The campaign worked.
—New York Times, California Today, Oct. 28, 2016
Mavericks Surfing Contest Will Include Women for First Time
“There was no hint that anything like this was brewing,” said Sabrina Brennan, who serves on the San Mateo Harbor Commission and who first brought the issue to the attention of the Coastal Commission.
“I wasn’t expecting this,” Valenti told Surfer Mag. “But I think it’s awesome. I’m just excited to see the women’s side of the sport strengthen. It felt weird always asking for them to let us women in. So it feels great knowing they know want us to be apart of this rad big-wave community.”
Sabrina Brennan said some of the event’s organizers would like to hold a roundtable discussion with the women and are considering the possibility of a two-day format, weather permitting.
She also said there are still some issues to be worked out.
“I’d like to see something in writing,” she said. So far the news has only been mentioned on social media.
The female surfers have also requested a woman sit on the selection committee.
—KQED, Oct. 21, 2016
Women to ride big waves in 'Titans of Mavericks' competition for the first time
Sabrina Brennan, a San Mateo County Harbor District Commissioner, had been fighting for female inclusion in the competition. She's cautiously optimistic.
"It's great they want to include women, but the women asked for a multi-heat event, which is what the men have. They should have a multi-heat event, and the same amount of prize money. Those issues haven't been addressed in this one-hour heat, but maybe it's a good starting point."
—San Francisco Chronicle, Oct. 21, 2016
“No one has done more to change the culture there than Sabrina Brennan. She has demanded to know where the money went for computers that were never installed. She has sought to hold complacent employees accountable. She has championed the rights of fishermen and is proud of a newly reconstituted relationship with the Half Moon Bay Seafood Marketing Association. She has fought for equity at Mavericks; her call for a women’s heat in the surf contest led directly to the California Coastal Commission demanding as much in this year’s contest.”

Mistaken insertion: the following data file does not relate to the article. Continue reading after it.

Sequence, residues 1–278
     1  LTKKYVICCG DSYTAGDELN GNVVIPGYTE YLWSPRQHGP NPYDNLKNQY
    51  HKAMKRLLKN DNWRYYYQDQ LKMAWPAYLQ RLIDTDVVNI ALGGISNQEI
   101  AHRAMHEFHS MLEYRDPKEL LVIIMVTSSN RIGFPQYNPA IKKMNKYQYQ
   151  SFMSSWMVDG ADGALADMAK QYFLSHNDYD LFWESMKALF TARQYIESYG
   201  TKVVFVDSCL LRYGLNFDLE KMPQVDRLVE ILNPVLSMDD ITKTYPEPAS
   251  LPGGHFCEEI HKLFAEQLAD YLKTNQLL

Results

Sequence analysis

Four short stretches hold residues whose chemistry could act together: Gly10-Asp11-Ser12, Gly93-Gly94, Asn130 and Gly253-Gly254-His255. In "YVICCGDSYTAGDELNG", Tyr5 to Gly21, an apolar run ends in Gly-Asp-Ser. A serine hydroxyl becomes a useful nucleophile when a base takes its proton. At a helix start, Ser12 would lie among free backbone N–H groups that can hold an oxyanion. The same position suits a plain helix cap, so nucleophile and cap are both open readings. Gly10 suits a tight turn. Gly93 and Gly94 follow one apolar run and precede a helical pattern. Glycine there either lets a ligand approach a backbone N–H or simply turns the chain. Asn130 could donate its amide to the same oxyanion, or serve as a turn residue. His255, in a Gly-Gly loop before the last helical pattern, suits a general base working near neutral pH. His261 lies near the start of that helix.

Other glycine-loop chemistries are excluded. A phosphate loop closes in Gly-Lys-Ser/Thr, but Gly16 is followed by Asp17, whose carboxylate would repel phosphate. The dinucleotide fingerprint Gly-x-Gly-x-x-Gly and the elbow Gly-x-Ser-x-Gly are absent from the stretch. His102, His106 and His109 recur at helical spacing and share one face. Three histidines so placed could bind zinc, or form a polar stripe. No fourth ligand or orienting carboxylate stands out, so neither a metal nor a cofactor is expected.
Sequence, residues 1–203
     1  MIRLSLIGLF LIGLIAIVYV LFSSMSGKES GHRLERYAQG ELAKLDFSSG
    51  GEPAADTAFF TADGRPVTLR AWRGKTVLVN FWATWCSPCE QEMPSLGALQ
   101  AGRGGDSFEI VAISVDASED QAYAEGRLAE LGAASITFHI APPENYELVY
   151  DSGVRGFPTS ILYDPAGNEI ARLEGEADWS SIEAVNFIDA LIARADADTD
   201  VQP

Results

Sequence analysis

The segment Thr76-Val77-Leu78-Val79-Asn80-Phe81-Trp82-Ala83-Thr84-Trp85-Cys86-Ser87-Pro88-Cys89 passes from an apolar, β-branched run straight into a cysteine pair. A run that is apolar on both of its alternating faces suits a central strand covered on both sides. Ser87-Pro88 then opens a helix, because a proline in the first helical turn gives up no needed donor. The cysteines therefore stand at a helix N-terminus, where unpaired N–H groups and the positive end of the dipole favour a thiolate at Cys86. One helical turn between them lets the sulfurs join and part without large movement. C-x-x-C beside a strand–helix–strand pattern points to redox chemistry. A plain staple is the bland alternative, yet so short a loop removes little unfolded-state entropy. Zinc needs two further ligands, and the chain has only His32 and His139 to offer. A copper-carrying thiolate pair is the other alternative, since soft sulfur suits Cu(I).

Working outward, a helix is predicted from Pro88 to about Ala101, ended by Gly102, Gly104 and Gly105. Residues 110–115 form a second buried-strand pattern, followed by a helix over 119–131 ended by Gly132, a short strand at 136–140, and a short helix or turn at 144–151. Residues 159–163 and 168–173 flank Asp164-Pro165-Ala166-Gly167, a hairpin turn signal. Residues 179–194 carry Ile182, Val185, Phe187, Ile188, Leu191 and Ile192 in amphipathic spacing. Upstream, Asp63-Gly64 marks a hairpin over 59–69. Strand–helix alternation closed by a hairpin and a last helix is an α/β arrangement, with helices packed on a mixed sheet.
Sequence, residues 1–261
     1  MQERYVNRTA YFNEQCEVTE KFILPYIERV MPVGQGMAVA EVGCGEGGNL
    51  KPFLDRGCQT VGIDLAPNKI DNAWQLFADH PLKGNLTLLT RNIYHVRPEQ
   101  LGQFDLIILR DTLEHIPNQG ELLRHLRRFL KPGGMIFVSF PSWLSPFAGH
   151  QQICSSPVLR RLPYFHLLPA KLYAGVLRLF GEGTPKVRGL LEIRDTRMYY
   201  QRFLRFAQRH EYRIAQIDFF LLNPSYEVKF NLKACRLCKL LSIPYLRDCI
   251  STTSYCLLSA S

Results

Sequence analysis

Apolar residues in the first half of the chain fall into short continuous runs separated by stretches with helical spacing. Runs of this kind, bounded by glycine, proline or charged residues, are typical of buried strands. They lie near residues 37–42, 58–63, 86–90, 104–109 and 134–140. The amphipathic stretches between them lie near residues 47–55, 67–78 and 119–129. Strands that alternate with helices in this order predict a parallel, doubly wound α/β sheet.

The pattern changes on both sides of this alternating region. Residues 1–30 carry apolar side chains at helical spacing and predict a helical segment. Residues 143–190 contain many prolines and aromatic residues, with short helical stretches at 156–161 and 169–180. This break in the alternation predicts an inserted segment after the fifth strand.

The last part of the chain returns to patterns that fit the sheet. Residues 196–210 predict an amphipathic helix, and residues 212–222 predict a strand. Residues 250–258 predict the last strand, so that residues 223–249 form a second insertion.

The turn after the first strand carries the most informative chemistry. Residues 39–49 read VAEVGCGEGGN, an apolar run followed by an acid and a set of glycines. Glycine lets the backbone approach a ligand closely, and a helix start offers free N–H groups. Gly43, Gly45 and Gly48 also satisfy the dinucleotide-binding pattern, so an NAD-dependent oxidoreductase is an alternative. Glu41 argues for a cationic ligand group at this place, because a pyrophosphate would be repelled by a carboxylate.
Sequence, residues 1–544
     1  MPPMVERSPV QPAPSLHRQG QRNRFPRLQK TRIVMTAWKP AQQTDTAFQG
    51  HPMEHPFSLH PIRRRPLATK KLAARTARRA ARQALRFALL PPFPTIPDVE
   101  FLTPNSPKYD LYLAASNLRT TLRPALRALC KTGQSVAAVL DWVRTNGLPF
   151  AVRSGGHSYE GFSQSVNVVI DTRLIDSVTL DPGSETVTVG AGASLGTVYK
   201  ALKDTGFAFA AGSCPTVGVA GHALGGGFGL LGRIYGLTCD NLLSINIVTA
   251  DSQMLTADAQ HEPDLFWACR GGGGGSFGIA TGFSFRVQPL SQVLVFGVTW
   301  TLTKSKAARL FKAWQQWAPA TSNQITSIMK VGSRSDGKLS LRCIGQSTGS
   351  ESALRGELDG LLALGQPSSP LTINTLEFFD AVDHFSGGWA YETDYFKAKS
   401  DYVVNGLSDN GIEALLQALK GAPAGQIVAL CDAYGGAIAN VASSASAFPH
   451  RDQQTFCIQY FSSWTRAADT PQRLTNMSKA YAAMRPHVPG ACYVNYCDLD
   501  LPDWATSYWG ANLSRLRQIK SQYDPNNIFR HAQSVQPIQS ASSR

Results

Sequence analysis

—Half Moon Bay Review Endorsement, Oct. 26, 2016
“Brennan is bright, creative, hard-working and aggressive.”
—Daily Journal Endorsement, Sept. 23, 2016
“The Sierra Club is proud to endorse Sabrina for re-election to the Harbor Commission. She’s a courageous environmental leader with an outstanding record on planning for the impacts of climate change, sea level rise, and water quality protection.” —Sierra Club Endorsement
“Sabrina is an outstanding Harbor Commissioner with strong democratic values. Her advocacy for women athletes, support for commercial fishermen, and passion for environmental stewardship make her an excellent choice for the San Mateo County Harbor District.”
—Angelica Ramos, Chair, National Women's Political Caucus of Silicon Valley
“Sabrina Brennan has blazed trails as the first lesbian candidate to win a countywide election in San Mateo County, as the only openly LGBT member of the county Democratic Central Committee, and as the county's highest-ranking lesbian elected official. We're proud to endorse her.”
On Tuesday, June 7, 2016, I was elected to represent Democrats on the county Democratic Party Central Committee. I'm deeply moved by the voters support and I look forward to serving a four-year term.
It was a joy to celebrate with San Francisco Supervisor Jane Kim.
Through outreach, education and research, I support good waterfront planning, restoration and public access.
San Mateo County is beautiful, our cities and towns float on a shimmering bay and breathtaking ocean. Though our bay and ocean are rising, and our waters have been mistreated over the years, most people would pick the beach and waterfront over just about anything else.
We are loyal to it. And we will fight for it.